Contact the editor here.

Savills: German residential investment activity reached €6.2 billion in H1

Investment activity in the German residential investment market totalled approximately €6.16bn during H1, approximately 36% lower than H1 2018, according to Savills.

Approximately 43,800 apartments changed hands during H1 2019, which is around 46% less than in the corresponding period last year. This decline is partly attributable to the large volume Buwog acquisition in March 2018. A total of 165 transactions (for at least 50 apartments) were completed, which is 18% less than in the first half of 2018.

This takes the total for the last 12 months to 238 sales, which is the lowest figure since September 2013. The average transaction over the last twelve months comprised 399 apartments, which is the third lowest figure in the current market cycle.

Karsten Nemecek, Managing Director Corporate Finance – Valuation for Savills Germany, explains:

“The decline in transaction volume is not a sign of lower demand but rather a consequence of the limited supply of larger portfolios,” says adding: “Many investors even want to further increase allocations to residential property within their portfolios. However, since larger portfolios are scarce, they either have to acquire medium-sized residential portfolios or development projects.”

Within the regions, investment activity in North Rhine-Westphalia and Schleswig-Holstein were the standouts in H1, accounting for 22% and almost 13% of all apartments transacted, respectively. This compares with five-year averages of around 20% and 8% respectively. Berlin was once again leading among the federal states during the first half of the year with around 10,300 apartments (25% of all apartments transacted).

The institutional residential investment market remained strongly focused on the seven A-cities – Berlin, Cologne, Duesseldorf, Frankfurt, Hamburg, Munich and Stuttgart –which have been responsible for around 52% of investment, or approximately €3.2bn, since the beginning of the year. With a transaction volume of more than €1.8bn, around 30% of the overall volume, Berlin was also by far the most sought-after location for residential investment.

Matti Schenk, Senior Consultant Research Germany for Savills, explains:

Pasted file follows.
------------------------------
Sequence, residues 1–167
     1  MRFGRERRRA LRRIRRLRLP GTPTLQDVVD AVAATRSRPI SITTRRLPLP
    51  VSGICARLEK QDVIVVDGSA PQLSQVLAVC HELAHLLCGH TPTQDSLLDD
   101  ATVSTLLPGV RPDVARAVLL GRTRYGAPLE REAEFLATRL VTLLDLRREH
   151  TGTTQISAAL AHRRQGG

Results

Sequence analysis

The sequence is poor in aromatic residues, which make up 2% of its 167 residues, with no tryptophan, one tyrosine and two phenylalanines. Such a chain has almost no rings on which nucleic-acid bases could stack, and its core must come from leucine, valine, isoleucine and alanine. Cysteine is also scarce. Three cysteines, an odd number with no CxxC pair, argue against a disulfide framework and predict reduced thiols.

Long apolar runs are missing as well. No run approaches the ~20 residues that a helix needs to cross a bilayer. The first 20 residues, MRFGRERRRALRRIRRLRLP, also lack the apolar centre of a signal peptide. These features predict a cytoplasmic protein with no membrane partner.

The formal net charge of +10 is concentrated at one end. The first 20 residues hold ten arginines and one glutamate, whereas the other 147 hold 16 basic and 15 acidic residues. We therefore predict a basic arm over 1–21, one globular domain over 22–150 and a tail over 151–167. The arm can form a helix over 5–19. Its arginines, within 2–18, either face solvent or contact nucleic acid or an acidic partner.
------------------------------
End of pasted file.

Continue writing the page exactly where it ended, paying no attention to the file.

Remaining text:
“The high level of economic momentum and continued attractiveness of the capital are likely to ensure that the apartment market remains strained going forward. This is all the more likely in view of the continued low levels of new-build activity. As a result, investors have priced further rental growth potential into their investments.

“However, with the rental cap on the table, the leveraging of this potential is likely to be significantly restricted regardless of the issue of constitutional validity. A period of legal uncertainty and consequently a deterioration of the investment climate in Berlin’s residential investment market is currently looming on the horizon.”

The average price of apartments transacted in the last 12 months stands at almost €120,000 for existing apartments while an average of around €289,000 per apartment has been paid on development projects. This represents an increase of 21% year-on-year on the average price of existing apartments transacted while prices of apartments in development projects have stagnated.

Schenk added:

“The stagnation of average prices in development projects is a consequence of the increase in acquisitions outside of the A-cities. Smaller cities also frequently have strained rental apartment markets, meaning that new-build apartments in such locations also represent interesting investment opportunities.”

Acquisitions of development projects accounted for around 22% of the transaction volume in H1. Around 40% of apartments transacted in development projects were located in A-cities, which is significantly below the five-year average (55%). In contrast, around 16% of apartments transacted in development projects were in D-cities compared with a five-year average of less than 4%.

German investors accounted for approximately 95% of the transaction volume, which is even higher than the five-year average (78%). Nemecek added:

“While foreign investors are highly interested in the German apartment market, they are often unable to secure direct investments. In addition to the already relatively complex legal framework, the discussions regarding additional regulations are likely to further impede the market entry of investors who are unfamiliar with the German apartment market.”

However, investor demand for residential property in Germany is likely to remain high, particularly from risk-averse German investors.

james.wallace@realassetmedia.com